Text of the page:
Comedian/actor Jim Carrey has begun a campaign to dump Facebook due to the company’s profiting off fake news and ads it sold to Russian agents during the U.S. presidential election. Part of Carrey’s beef is that Facebook still isn’t doing enough to stop it. He’s removed his Facebook page, given up his Facebook shares and urges concerned investors to do the same. Should Facebook consider Carrey’s actions a crisis or a bad day?
It’s not a surprise that Facebook is the dominant social platform. That was one of the conclusions from the 3rd annual RBC Capital Markets study of 5,000 U.S. Internet users. There were surprises, though. One of them was the satisfaction rates of the various platforms (Facebook could do better here). Another surprise (well, not really) was the dominant showing of Snapchat with children and teens.
Many of us believe we know all about activist investors. A pair of investors threw a curveball last weekend, urging that Apple seriously consider warning parents about the dangers of excessive iPhone use for children and teens. Their demands were well crafted and included a bevy of studies and statistics.
2017 could be described as the year of social video, particularly for U.S. B2C brands, as data provided exclusively to PR News by Shareablee demonstrates. It was also a year where brands began to become more mature in their social media choices, posting fewer times but accruing more consumer engagement.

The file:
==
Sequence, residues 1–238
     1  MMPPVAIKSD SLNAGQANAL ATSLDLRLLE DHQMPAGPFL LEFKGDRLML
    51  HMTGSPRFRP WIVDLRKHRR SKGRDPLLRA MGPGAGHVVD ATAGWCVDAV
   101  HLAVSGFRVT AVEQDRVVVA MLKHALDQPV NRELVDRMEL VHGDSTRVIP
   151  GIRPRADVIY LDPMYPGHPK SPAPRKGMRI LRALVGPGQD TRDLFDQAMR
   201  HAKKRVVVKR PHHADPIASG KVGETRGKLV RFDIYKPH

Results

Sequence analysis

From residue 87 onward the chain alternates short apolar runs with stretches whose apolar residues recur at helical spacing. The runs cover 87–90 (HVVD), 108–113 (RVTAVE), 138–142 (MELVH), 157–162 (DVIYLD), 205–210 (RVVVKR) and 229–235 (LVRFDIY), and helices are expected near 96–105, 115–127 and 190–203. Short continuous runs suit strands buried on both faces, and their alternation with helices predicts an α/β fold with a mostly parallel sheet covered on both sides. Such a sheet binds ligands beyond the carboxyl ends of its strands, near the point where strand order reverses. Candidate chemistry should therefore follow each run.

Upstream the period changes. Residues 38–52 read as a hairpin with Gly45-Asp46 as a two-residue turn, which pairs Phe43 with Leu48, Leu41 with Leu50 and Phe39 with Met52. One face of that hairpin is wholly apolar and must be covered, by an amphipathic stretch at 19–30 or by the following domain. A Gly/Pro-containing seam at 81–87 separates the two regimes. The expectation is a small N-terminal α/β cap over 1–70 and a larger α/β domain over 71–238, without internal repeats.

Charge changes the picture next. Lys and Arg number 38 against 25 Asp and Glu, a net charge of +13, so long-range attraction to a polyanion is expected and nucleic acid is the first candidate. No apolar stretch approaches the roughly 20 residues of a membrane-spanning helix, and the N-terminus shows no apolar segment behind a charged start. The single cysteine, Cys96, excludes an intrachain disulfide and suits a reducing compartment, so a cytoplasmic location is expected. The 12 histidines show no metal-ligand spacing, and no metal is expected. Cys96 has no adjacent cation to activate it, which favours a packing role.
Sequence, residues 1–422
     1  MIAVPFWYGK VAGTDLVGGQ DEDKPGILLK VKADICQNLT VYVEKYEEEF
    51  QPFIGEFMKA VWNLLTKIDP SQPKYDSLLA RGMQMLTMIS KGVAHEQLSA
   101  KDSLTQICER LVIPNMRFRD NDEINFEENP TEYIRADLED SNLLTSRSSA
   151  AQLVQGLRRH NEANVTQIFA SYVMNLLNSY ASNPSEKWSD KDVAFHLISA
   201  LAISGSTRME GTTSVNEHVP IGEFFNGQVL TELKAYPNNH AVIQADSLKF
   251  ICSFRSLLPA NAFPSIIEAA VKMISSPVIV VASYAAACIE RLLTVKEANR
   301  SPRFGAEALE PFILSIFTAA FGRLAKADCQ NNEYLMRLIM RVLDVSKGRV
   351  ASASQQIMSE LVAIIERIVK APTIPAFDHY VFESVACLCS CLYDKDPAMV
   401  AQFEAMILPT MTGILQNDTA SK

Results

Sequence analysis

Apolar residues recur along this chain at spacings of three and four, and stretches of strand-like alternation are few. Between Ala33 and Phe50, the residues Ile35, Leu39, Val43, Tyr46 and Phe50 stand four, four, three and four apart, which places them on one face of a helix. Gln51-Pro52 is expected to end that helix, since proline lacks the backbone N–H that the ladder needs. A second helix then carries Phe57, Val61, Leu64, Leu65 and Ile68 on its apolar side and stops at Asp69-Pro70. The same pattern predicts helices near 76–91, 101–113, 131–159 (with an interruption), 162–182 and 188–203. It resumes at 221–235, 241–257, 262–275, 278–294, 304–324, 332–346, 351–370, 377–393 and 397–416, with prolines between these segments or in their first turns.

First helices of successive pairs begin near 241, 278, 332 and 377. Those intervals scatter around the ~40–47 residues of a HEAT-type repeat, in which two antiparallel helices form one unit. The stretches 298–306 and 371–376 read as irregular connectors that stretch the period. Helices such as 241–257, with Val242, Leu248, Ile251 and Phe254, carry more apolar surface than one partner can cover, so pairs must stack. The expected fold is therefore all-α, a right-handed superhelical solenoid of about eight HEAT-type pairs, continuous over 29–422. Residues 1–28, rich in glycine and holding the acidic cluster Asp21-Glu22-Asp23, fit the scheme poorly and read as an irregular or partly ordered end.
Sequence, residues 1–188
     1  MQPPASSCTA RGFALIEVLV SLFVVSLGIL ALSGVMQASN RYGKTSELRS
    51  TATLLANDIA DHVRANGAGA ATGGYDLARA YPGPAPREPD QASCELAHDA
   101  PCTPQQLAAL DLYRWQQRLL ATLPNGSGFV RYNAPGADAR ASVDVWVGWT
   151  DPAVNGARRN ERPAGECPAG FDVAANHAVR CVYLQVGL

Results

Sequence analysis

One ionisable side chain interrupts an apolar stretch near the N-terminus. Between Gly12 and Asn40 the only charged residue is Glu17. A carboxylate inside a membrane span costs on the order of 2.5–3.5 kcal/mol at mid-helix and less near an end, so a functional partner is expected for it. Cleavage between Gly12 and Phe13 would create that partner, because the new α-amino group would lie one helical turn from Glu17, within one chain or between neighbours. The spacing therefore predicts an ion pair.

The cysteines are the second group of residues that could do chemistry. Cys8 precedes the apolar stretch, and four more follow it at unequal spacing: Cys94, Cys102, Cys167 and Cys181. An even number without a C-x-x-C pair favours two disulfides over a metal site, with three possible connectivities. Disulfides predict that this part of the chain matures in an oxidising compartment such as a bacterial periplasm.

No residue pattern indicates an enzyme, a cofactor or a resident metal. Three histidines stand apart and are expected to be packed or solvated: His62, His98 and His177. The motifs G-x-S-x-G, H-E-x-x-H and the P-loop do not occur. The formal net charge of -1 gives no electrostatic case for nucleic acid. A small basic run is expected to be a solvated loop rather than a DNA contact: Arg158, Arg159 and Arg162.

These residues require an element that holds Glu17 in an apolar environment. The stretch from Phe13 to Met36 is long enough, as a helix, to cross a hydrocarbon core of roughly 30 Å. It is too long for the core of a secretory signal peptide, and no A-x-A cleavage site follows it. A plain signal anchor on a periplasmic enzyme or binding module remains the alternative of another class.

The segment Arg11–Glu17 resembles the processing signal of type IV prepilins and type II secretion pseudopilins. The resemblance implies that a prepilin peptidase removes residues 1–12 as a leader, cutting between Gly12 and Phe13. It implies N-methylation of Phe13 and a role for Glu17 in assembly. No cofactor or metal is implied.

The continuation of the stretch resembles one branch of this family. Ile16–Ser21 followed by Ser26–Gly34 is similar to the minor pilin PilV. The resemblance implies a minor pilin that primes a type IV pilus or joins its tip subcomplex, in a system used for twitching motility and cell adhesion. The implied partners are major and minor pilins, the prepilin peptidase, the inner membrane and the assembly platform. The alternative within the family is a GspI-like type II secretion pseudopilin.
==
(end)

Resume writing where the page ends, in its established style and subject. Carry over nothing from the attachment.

As we know, there is a lot of enthusiasm for engaging with influencers on social media. Yet few communicators spend time strategizing about possible risks, says Emma Monks, head of trust & safety at Crisp Thinking.… Continued
It is said there are two sides to every story. Similarly the internet and social media platforms have their pros and cons, although the net’s bad characteristics often receive the dominant share of attention. 2018 might mark a consensus around a new code of conduct for social media as several breaking stories seem to demonstrate.
With U.S. consumers spending up to 5 hours daily on mobile devices, social media usage patterns are a goldmine for marketers. Yet social media alone is not enough. Shoppers are more than their mobile Facebook or Twitter profiles. Other sources should be added to social media data, our author argues and provides 3 easy steps to augment consumer insights to create more data-driven, research-backed campaigns.
Nonprofits sometimes are thought of as second-class citizens: small organizations with inadequate budgets for PR. That may be so, but they can do pretty well when it comes to consumer engagement with their social post on at least a few channels, according to exclusive data provided to PR News from Shareablee.
In what surely is a sign of the times, the number of American adults getting at least some of their news from social media has grown to 67%, according to a Pew Research Center survey conducted in August. More than that, some of the platforms where people are gathering news will surprise you.
No doubt your grandparents have heard of Twitter from President Trump’s constant use of the platform. And you doubtless know that today is the official date for Twitter to expand its 140-character limit to 280. But what pundits have dubbed a bad move for the social media bird’s brand may end up benefitting PR pros and marketers.